Tuesday, February 12, 2013

Once upon a time there was a guy who had a massive headache. His friend suggested he take a Tylenol. "No thanks." Said the guy. "I'll take an aspirin NSAID!"
I'm hilarious.

Today's topic: Non-steroidal anti-inflammatory drugs and why you probably shouldn't take them all the time.

What It Is
Before anything else, you should probably know what inflammation actually is. If you aren't already familiar with it go watch this Khan Academy video about the inflammatory response. I'll wait here.

Now then, when you're in pain, you usually have two options you can buy instead of going to a doctor. The first is Paracetamol/Acetaminophen (E.g. Tylenol, "Asprin Free" painkillers, Panadol)*: Mild painkillers that aren't very good at keeping inflammation down. You won't hurt as much, and if you have a fever, it will be reduced, but any redness or swelling you may be experiencing won't go away.

The second, NSAIDs, are drugs which work to both relieve pain, and suppress the body's inflammatory response to pain and injury*. Over-the-counter medication in this category usually has one the the following three drugs as it's active ingredient:

Ibuprofen (Advil, Brufen, Motrin, Nurofen)
What It Is: Patented in 1961, ibuprofen is used primarily for pain, fevers, cramps, and inflammatory diseases. It's more stable than aspirin, so it can be used in topical medicine as well as in pill form.
How It's Taken: Orally, topically, intravenously, and rectally.

Benefits: Effective, stable (so you can use it in gel or just swallow a pill), lasts a 4-8 hours
Also, according to a study published in 2005, taking Ibuprofen on a regular basis may also help delay or prevent Parkinson's disease. More research needs to be performed before it can actually be recommended for this purpose, however. Also, of the NSAIDs, only Ibuprofen use was shown to correlate to the lower risk. Taking Naproxen or Aspirin didn't affect one's chances at all.
Side Effects: Ibuprofen is rough on your digestive system. Taking it can result in everything from nausea to stomach-bleeding, especially if you've been drinking.

Naproxen (Aleve)
What It Is: Prescription-only in most parts of the world, but made available OTC in the United States in 1994, in the United Kingdom in 2008, and most parts of Canada in 2009. Usually used for reducing pain caused by headaches/migraines, arthritis, and menstrual cramps.
How It's Taken: Orally.

Benefits: Good at helping with menstrual pain, can help in the diagnosis what may be causing a fever (PDF).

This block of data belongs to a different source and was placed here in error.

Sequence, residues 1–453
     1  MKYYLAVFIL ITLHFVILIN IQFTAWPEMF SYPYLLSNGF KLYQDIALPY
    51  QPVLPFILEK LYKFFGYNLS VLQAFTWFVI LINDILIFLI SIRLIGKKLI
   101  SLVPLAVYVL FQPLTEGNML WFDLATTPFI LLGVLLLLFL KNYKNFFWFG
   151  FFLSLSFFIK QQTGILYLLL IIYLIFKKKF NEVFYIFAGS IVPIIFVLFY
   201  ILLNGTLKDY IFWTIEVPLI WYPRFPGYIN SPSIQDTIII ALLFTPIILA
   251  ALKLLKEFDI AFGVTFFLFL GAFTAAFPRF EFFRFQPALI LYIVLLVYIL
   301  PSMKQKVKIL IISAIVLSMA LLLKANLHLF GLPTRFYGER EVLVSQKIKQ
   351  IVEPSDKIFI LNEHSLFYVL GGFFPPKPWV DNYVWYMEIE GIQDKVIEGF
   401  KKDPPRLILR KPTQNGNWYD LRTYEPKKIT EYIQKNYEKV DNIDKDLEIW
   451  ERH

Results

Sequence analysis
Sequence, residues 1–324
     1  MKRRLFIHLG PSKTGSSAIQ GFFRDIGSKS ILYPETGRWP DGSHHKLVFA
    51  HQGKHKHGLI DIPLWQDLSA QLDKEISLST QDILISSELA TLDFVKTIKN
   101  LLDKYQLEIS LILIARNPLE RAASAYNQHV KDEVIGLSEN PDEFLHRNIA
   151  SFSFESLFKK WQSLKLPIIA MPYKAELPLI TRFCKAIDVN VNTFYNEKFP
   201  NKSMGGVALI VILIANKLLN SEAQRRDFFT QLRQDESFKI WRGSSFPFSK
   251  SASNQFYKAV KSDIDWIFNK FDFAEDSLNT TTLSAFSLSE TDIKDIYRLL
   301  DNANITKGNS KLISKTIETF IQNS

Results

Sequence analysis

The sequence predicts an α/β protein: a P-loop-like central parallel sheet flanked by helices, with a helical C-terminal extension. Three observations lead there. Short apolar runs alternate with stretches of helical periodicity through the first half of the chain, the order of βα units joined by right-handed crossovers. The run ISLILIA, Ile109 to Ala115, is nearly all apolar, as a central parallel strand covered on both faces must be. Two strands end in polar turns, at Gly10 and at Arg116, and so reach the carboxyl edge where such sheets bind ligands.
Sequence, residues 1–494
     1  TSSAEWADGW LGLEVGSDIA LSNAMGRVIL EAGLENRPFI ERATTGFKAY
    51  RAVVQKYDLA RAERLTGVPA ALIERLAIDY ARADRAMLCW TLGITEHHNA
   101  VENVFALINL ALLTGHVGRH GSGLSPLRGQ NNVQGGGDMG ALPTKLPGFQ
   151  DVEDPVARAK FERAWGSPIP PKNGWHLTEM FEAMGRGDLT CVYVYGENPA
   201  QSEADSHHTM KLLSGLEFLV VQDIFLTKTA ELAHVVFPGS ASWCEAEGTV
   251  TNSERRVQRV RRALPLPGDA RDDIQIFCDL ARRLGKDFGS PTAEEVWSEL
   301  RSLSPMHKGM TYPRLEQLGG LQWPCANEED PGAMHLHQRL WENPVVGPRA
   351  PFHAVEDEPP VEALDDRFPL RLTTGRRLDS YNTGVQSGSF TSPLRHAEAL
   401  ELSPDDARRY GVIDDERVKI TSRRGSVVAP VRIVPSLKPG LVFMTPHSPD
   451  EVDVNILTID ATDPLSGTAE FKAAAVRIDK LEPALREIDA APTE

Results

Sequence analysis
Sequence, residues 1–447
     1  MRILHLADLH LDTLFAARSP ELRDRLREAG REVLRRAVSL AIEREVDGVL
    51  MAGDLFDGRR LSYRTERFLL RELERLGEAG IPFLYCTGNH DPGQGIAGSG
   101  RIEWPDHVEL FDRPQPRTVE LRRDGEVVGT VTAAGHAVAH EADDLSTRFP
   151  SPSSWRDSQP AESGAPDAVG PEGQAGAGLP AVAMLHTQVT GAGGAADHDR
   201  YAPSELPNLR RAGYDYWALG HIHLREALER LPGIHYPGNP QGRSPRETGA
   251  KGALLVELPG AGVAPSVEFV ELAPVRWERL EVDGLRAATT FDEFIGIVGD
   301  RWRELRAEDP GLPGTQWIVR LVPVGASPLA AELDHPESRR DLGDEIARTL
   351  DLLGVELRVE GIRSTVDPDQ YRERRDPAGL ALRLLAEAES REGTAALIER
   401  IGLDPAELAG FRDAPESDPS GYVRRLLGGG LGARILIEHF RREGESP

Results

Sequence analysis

Side Effects: Same as ibuprofen.

Aspirin (acetylsalicylic acid)
What It Is: Comes from willow bark. Anti-inflammatory, reduces fevers, and it prevents platelet molecules from sticking together (which is why, in addition to acting as a painkiller, people who are at risk of heart-attacks/strokes/blood clots are advised to take small doses on a regular basis.)
How It's Taken: Orally, sometimes rectally. A soluble form of aspirin can be given intravenously, too.

Benefits: Taking aspirin on a regular basis may help prevent cardiovascular trouble in certain types of people, but not everyone. In fact, people who aren't already at risk of heart disease have been advised not to take on a regular basis at all, as risks of regular use lead to...
Side Effects: Higher risk of age-related macular degeneration, and aspirin resistance. Also the same gastrointestinal side effects associated with the use of naproxen and ibuprofen.

*Right about now I'm willing to bet some of you are wondering what the hell Midol is. Well, that, my friends, depends on the formula. Midol and its generic siblings are actually made of either an NSAID or acetaminophen, depending on which one you buy.

How They Work
In the simplest of terms: acetaminophen works by blocking pain receptors so you don't think you're in pain, and NSAIDs work by actually depressing the inflammatory response. Here's how:

1. Under normal conditions, the an enzyme called Cyclooxygenase (COX) is responsible for the creation of signaling molecules called prostaglandins, which are in turn the chemicals which promote the inflammatory response and prevent your stomach from eating itself (thus why you can end up with stomach problems when you start taking something which affects the production of these things.)
Here, the wall is a metaphor for your skin and stomach walls and stuff basically anywhere that can be infected or damaged. It's being tagged to prevent bacteria from moving into this area. This here is human territory, stay out. Unfortunately this isn't exactly high-quality street art, it's just the inflammatory response.

2. NSAIDs work by COX blocking. Once NSAIDs are introduced to the system, COX is prevented from producing prostaglandins, so inflammation, fever, and pain are reduced.

Oh shi- it's the fuzz! Run!

The Bottom Line
In addition to the drug-specific side effects listed above, regular use of analgesics (Including acetaminophen)  has been linked to a higher risk of: hearing loss and erectile dysfunction in guys; miscarriage in women; and hypertension, strokes/heart attacks (PDF)kidney cancer, in everyone.

These aren't vitamins, kiddos. They're loose canons, but they're still damn good cops If you're in pain, go ahead and take them whenever you need (within safe limits), but don't drink when you do, and if your pain sticks around for longer than it should, see a doctor already, because something's probably actually wrong.

("Oh no you've left out alternative medicine." Says the hippy in the back. "Quiet, you." I respond. This blog is about actual medicine. . I've had quite enough emails from you people about your placebo-effect-powered snake oil thank you very much.) 
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